“We catch an average of 60 people per day,” Baéz said. “The other day, we caught 300.”
Catching large numbers of people has become so routine that watching the chase unfold looks like a schoolyard game of hide-and-seek. Costa Rican police hop onto ATVs and drive along the border. They find groups of people hiding in the woods or fording streams. They herd them into trucks and drive them to the immigration post in the middle of Los Chiles. After expedient processing, they escort them to the border and the Nicaraguans step over the barbed wire fence.
Most of these interactions are simple and nonviolent. Rarely are these migrants smuggling serious drugs or weapons, although it has happened. Arrests occur with such regularity that you may spot police searching cars and frisking ragged-looking men by the side of the road at almost any time of day. But despite the regularity, the situation is still tense, because no one on Baéz’s team wants to provoke an international incident.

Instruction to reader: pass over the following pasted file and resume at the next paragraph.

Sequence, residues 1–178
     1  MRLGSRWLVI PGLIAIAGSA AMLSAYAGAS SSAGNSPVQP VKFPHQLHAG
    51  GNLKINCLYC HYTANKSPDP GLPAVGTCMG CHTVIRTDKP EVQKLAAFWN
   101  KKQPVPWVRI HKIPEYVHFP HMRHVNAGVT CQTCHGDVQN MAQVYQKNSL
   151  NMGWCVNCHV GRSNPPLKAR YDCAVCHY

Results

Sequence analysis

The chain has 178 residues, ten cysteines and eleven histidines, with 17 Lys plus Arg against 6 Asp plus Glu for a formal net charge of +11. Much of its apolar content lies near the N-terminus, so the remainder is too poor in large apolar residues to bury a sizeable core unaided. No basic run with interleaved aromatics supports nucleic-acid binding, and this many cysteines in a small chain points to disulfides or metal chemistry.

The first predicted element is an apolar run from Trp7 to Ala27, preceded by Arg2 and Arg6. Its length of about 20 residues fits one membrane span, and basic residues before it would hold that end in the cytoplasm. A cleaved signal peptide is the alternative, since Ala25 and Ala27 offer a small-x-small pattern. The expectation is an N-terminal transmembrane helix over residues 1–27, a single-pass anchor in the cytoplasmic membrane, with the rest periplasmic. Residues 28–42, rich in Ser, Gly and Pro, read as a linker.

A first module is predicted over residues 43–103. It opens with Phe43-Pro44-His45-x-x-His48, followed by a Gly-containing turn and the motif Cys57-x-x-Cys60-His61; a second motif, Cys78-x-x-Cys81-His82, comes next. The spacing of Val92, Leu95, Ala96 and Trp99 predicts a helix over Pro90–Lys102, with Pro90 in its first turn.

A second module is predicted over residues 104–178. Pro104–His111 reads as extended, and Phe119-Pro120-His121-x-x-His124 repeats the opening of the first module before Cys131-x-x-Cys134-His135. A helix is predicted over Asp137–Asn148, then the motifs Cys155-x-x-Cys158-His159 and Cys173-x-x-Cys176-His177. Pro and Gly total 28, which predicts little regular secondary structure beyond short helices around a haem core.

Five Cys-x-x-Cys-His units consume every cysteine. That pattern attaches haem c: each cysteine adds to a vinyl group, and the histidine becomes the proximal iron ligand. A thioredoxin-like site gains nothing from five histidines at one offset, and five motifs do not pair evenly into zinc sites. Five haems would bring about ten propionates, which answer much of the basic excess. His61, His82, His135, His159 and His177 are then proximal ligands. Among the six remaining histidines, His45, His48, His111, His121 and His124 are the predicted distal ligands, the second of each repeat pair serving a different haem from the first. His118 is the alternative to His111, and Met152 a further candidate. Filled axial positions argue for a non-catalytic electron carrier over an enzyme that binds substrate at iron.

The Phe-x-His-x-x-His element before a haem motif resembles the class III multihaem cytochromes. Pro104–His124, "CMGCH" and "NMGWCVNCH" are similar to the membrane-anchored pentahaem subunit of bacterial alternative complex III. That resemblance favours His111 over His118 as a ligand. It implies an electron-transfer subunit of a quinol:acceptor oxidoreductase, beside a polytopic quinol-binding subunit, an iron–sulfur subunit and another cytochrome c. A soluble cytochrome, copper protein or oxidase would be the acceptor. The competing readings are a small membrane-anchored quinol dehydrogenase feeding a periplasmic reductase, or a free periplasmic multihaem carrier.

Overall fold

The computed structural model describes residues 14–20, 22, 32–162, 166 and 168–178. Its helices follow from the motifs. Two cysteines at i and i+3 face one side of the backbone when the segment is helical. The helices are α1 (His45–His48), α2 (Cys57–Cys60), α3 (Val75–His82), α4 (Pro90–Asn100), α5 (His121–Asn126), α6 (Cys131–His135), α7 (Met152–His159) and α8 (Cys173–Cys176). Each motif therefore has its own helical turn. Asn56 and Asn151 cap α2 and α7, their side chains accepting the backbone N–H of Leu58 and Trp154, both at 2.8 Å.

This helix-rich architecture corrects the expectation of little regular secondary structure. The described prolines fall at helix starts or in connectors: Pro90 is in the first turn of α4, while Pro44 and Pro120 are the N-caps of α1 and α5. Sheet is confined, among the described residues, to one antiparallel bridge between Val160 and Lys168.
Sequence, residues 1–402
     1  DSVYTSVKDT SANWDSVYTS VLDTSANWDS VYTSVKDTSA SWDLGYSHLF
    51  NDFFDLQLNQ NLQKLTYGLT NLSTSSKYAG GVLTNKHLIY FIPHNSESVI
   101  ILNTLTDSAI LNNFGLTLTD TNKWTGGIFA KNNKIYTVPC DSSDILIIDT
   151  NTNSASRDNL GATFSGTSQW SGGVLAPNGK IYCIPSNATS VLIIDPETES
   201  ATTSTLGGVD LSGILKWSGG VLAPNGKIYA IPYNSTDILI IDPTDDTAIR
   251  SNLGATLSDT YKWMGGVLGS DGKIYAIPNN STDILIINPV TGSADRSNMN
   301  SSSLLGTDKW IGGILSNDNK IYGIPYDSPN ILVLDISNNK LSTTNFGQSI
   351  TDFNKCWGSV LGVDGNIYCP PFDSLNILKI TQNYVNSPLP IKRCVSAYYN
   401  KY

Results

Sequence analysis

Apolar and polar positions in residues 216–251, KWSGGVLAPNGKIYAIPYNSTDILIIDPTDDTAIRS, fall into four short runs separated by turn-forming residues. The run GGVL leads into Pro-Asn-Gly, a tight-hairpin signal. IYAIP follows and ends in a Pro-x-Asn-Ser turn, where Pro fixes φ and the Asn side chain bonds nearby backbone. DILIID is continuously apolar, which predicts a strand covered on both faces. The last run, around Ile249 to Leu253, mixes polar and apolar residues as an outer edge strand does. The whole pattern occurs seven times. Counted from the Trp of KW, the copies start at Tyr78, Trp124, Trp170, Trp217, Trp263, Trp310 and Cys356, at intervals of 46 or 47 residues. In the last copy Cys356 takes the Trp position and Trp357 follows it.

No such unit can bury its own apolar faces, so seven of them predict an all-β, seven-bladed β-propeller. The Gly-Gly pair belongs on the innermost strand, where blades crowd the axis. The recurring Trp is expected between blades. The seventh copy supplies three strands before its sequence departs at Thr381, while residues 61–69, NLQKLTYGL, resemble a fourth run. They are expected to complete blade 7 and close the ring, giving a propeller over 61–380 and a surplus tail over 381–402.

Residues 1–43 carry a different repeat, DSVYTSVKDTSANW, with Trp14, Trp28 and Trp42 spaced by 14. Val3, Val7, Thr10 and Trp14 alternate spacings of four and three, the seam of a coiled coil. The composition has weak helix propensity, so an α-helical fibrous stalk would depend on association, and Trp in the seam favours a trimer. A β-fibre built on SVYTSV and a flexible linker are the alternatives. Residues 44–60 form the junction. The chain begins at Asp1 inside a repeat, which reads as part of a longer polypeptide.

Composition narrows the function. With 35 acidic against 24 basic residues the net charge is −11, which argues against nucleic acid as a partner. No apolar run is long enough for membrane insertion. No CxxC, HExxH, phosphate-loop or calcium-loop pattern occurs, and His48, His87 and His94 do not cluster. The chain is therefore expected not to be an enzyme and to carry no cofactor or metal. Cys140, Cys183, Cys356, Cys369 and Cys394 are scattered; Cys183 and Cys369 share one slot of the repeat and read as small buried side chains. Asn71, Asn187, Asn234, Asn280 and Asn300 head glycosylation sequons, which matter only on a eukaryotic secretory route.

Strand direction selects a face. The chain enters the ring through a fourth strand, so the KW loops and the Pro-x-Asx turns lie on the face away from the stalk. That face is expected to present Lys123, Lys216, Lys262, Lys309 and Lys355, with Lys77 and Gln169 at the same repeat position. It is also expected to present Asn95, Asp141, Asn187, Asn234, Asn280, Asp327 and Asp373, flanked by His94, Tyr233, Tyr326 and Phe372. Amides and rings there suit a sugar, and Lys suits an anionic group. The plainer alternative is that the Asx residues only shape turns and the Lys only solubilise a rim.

“I served on the Panamanian border before this,” another patrolman said. “It was very different. The political situation is different. The relationship between the two countries is different. You think about different things.”
It is impossible to know exactly how the new immigration post will affect the region. According to the Nicaraguan newspaper La Prensa, 700 people legally crossed the border into Costa Rica during its first four days in operation. If all goes according to schedule, this little outpost will gradually absorb more and more traffic.
Among the unpredictable outcomes: Whether safe and legal passage will reduce border-hopping or encourage more of it.
“On the positive side, there will be more commerce, people staying at local hotels, and souvenir shops,” said Álvaro Wiessel, head of the Chamber of Tourism in Los Chiles, the closest town to Las Tablillas. “On the negative side, there will be drugs, illegal immigration, and some crime.”
Whatever is coming, the quiet days are likely over.